Latest answers

Answered anonymously , Nov 18th 2014, 16:40 Verified Guru

Many universities offer excellent courses in the subjects - among them Bristol, King's London, UCL, Queen Mary London, Manchester, Leeds. The two that always rank highly are Cambridge and Oxford. Each claims the edge over the other but it's best to decide which course looks most interesting to you, and which place you think has the best architecture! 

Comments 0 Please Sign in to comment

Jan Krauss Jan Krauss, Nov 18th 2014, 17:45 Verified Guru

Another thing to be aware of is that even the best courses don't place much emphasis on language skills. I studied French at Bristol and, as a German, was surprised that nearly everything was taught in English, not French. French language skills (translation, writing, oral) only account for 25% of the total degree and most of this will be in your final year. In some ways that makes sense since they expect your language skills to be at their best towards the end of your degree. But for someone like me, who chose to study French for the language, not so much for the literature/drama etc, it was a bit disappointing.

Also try to think of what kind of place/city you want to study in a small place like Cambridge or Durham is very different from Bristol or London. Choosing the best university for you is not only about rankings, it's about where you can enjoy being for 3-4 years of your life.

Comments 0 Please Sign in to comment

Answered anonymously , Nov 18th 2014, 17:57

I study a joint major or German and Linguistics at Lancaster University and I would highly recommend  it. The language department is a small, yet very close knit community where every student is known by their tutors and everyone feels involved. In Lancaster modules are split half and half with language and culture, so you get to learn about both equally important sides of studying a language. The languages classes are always fairly small, between 10-20 people and the culture ones tend to have more people due to beginners language student and advanced (post a-level) being mixed together for these.

Also in first year you get the chance to pick modules from another department or even learn another language from beginners.

Overall the campus is one big community and especially in first year living on campus, really everything is there that you need. Lancaster town is quaint, yet everything is there that you will need, shops, student life, eating out etc.

Be sure to check it out!

Hope that helps :)

Comments 0 Please Sign in to comment

Zoe Taylor Zoe Taylor, Dec 7th 2014, 11:43

I'm currently studying Business Management and French at the University of Surrey and couldn't recommend the university enough. We have small language classes (no more than 15 student per class) meaning that lecturers always have time for you whenever you want to pop into their office or if you have concerns about something. My French lecturers are fantastic and my friends that also study German feel the same about theirs! 

Guildford is a large town but perhaps not as lively as bigger cities. However saying that I feel incredibly safe there, we have the most amazing sports park in the world and the best students union night club like ever. If you've got any Surrey questions just let me know! :-)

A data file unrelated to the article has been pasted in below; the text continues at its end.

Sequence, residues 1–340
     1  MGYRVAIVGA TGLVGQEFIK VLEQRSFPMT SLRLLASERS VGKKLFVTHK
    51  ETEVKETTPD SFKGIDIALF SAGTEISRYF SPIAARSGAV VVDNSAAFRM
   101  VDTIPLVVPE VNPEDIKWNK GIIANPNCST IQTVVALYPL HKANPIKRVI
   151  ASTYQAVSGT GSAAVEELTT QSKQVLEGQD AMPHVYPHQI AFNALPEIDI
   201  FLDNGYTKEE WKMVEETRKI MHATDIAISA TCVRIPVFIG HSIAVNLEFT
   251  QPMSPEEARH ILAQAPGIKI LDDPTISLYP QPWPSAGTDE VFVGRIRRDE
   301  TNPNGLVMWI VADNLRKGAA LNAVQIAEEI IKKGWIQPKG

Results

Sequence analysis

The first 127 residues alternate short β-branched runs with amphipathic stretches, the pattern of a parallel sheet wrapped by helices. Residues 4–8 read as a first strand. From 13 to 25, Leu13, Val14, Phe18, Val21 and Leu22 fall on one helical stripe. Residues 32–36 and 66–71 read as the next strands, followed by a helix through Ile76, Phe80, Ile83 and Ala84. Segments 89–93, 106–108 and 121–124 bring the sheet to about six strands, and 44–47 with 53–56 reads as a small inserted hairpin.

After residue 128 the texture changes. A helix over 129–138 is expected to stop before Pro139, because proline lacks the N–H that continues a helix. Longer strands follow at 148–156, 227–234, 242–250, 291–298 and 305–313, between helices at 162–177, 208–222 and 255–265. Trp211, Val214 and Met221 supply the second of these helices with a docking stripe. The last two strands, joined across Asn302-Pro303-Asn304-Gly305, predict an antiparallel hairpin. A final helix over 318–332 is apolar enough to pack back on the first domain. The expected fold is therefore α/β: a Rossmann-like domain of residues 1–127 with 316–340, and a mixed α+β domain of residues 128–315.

Good luck with your university hunt whatever you decide! 

Comments 0 Please Sign in to comment

Answered anonymously , Jan 20th 2015, 13:37

I study at Heriot Watt in Edinburgh and the language department is really good because you learn by course is Interpretation and Translation so you could say that is 'hands-on' learning as we do not learn through literature. We learn by getting involved and learning the skills of how to interpret and translate.

Comments 0 Please Sign in to comment

Sign up to share your experience

Login to TYA Answers with Facebook Sign in with Facebook

Share Socially

Question Topics

Related questions

Is it a bad idea to live with a friend from university on my year abroad?

I lived with a friend from university on my year abroad and it has its positives and negatives.  It's great to have someone there you know with whom you can share tips and advice, and to keep the homesickness at bay. However, even if you...

Jul 30th 2014, 15:16 | 4 answers

Where can I find useful books or articles about the French Education System in Relation to Learning English?

I'm not surprised about Google Books. In my experience, when you look for 'apprendre l'anglais' or similar you mainly get commercial links. You could do worse than go to the French government site for the Ministry of Education. English is...

Aug 7th 2014, 18:19 | 1 answer

About Comenius assistanships: is it possible to apply for overseas territories (eg. French Polynesia, French Guiana, etc.)?

These options now come under Erasmus+ and, yes, it is possible to apply for them. For assistantships, you can express a preference, but there is no guarantee that you will get what you want. You can only study in one of these places if your...

Aug 9th 2014, 11:25 | 1 answer

Can you give me some French 'in the classroom' phrases for my assistantship?

Try looking at relevant websites by searching for 'french in the classroom' or 'french classroom commands'.You find a lot of website such as this one: luck!

Aug 11th 2014, 14:54 | 1 answer

When you have a question about studying abroad, who are you most likely to ask and how? Your parents, your personal tutor, your friends or your university Study Abroad Office? And in person, via email or telephone, on social media or some other way?

Personally, I found that my tutor and uni study abroad office weren't much help in the lead up to my year abroad. We had one meeting where they mainly spoke about the British Council Language Assistantships, and then they left us to it! Everyone...

Aug 12th 2014, 11:23 | 3 answers

From the TYA Network

TYA Answers has been created in partnership with: